“I truly love your manner with the students. I particularly admire the way you help them find ways to not settle for the easy response, but to look inside to connect to something meaningful.”

NOTE: Each session’s replay video will be emailed within 24 hours post-session, so you won’t miss anything if you can’t attend “live.” This also means you can register for an in-progress webinar.

  • CROSS MY ART AND HOPE TO FLY: What Can Writers Learn from the Other Arts?

When:  Every Thursday, month-to-month // 12:00–1:00 PM (Eastern) / 9:00–10:00 AM (Pacific)

Cost:  $22/calendar-month  (you may commit to and purchase on a month-to-month basis)

“The only art I’ll ever study is stuff that I can steal from,” said musician David Bowie, suggesting that a practitioner of one artform can expand his/her range by paying attention to all the arts: musical, literary, visual, cinematic, theatrical, dance, architectural, magic, and comedic arts. Every Thursday, we will study a brief sample of a nonliterary artform, discuss what it can teach us about artistic conceptualization, craft, and presentation, and then apply that to our own writing. Each session’s focus will be a surprise! You may commit to this series on a month-to-month basis.

  • 14 LINES TO LIBERATION: Writing the American Sonnet

When:  4 Sundays, February 7, 14, 21, 28 // 6:30–8:30 PM (Eastern) / 3:30–5:30 PM (Pacific)

Cost:  $99 (payable through PayPal)

What’s so “American” about the American sonnet? The rugged individualism and pioneer spirit ingrained in the American identity has been expanding the province of the sonnet since the 19th century, departing from its traditional counterparts in terms of rhyme scheme, meter, and subject matter. Is the American sonnet, then, an act of resistance, or an homage, or both? We’ll explore this question through a brief review of traditional sonnet models, the reading of contemporary American sonnets, and the writing of our own.

  • COLOR/LINE/PLANE: Writing Through the Art of Hans Hofmann and Piet Mondrian

When:  4 Sundays, March 7, 14, 21, 28 // 6:30–8:30 PM (Eastern) / 3:30–5:30 PM (Pacific)

Cost:  $99 (payable through PayPal)

Abstract artist Piet Mondrian said, “Every true artist has been inspired more by the beauty of lines and color and the relationships between them than by the concrete subject of the picture.” Does this assertion apply to the literary artist? Are we inspired more by the beauty of (language) lines and (word) tone and the relationships between them than by the concrete subject of, say, the poem or lyric essay? To mark the birthdays of two distinct abstractionists—Piet Mondrian (March 7) and Hans Hofmann (March 21)—we’ll explore their paintings to discern how they respectively execute color, line, and plane, and then create literary equivalents that translate those artistic principles.

  • ECSTATIC INSURGENCY: Seeing and Saying Like Lawrence Ferlinghetti

When:  Wednesday, March 30 // 6:30–8:30 PM (Eastern) / 3:30–5:30 PM (Pacific)

Cost:  $29 (payable through PayPal)

“[T]here’s an ecstatic mechanism in birds that makes them fly upwards in spite of worms” is how Lawrence Ferlinghetti describes the journey of becoming himself, in his semi-autobiographical novel, Her. To celebrate the 102nd birthday of this firebrand poet and principal publisher of the Beat Generation, we’ll explore how he integrates the insistently personal and the unapologetically populist into his poems and then draft our own ecstatically insurgent writings.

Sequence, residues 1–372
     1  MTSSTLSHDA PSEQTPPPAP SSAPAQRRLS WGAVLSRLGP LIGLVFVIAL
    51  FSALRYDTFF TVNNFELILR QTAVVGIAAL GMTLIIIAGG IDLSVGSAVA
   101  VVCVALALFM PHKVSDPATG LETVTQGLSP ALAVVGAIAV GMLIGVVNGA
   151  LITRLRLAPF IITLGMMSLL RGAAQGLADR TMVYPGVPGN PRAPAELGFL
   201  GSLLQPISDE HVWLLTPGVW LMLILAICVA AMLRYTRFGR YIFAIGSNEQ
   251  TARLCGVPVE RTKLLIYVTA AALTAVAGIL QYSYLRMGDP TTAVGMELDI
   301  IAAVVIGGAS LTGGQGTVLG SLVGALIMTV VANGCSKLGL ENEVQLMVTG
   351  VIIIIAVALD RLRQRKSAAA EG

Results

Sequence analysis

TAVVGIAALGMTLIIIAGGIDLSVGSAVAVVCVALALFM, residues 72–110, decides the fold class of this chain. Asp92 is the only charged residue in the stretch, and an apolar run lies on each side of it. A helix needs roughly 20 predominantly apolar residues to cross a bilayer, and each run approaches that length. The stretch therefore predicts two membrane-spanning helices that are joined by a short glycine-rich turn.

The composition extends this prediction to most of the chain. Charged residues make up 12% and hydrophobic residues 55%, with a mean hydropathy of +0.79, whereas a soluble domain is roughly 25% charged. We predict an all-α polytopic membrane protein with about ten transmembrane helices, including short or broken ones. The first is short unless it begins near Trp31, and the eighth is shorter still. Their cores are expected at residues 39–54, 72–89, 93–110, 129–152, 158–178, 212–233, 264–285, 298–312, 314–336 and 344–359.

• THE LITTLE EMOTIONS: Writing Through the Vincent van Goghs Art

When:  Tuesday, March 30  // 6:30–8:30 PM (Eastern) / 3:30–5:30 PM (Pacific)

Cost:  $29 (payable through PayPal)

Vincent van Gogh knew what poets know: “Let’s not forget that the little emotions are the great captains of our lives and we obey them without realizing it.” To celebrate the 168th birthday of this timeless painter who left the earth too young, we’ll explore his artworks, discuss poems inspired by his art, and write our own ekphrastic writings, attentive to the little emotions steering them.

  • POEMANATE: Spread the Good Word

When:  2nd Mondays // 12:00–12:30 PM (Eastern) / 9:00–9:30 AM (Pacific)

Cost:  FREE! 

Every second Monday, for 30 minutes, we’ll study the good words of a published poem to determine how it delivers the good word to illuminate our humanity. Then we’ll emanate that humanity: we’ll, en masse, send this poem out—by email, postcard, letter, social media—into our worlds, to our friends, family, and colleagues; to business owners, media representatives, and government officials at the local, state, and federal levels; to whoever you suspect would be strengthened by some heart-opening, some soul-listening.

  • POEMULATE: Your Monthly Upgrade

When:  3rd Wednesdays // 12:00–12:30 PM (Eastern) / 9:00–9:30 AM (Pacific)

Cost:  FREE! 

Weve all heard poet Oscar Wildes famous quote “Imitation is the sincerest form of flattery”—but that was only half of it: “Imitation is the sincerest form of flattery that mediocrity can pay to greatness.” Whoa! Okay, then lets use imitation to uplevel our poetry game. Lets emulate! Every third Wednesday, well explore one published poem and expand our understanding of how a poem works, by mimicking, move by move, the poet’s language and structure.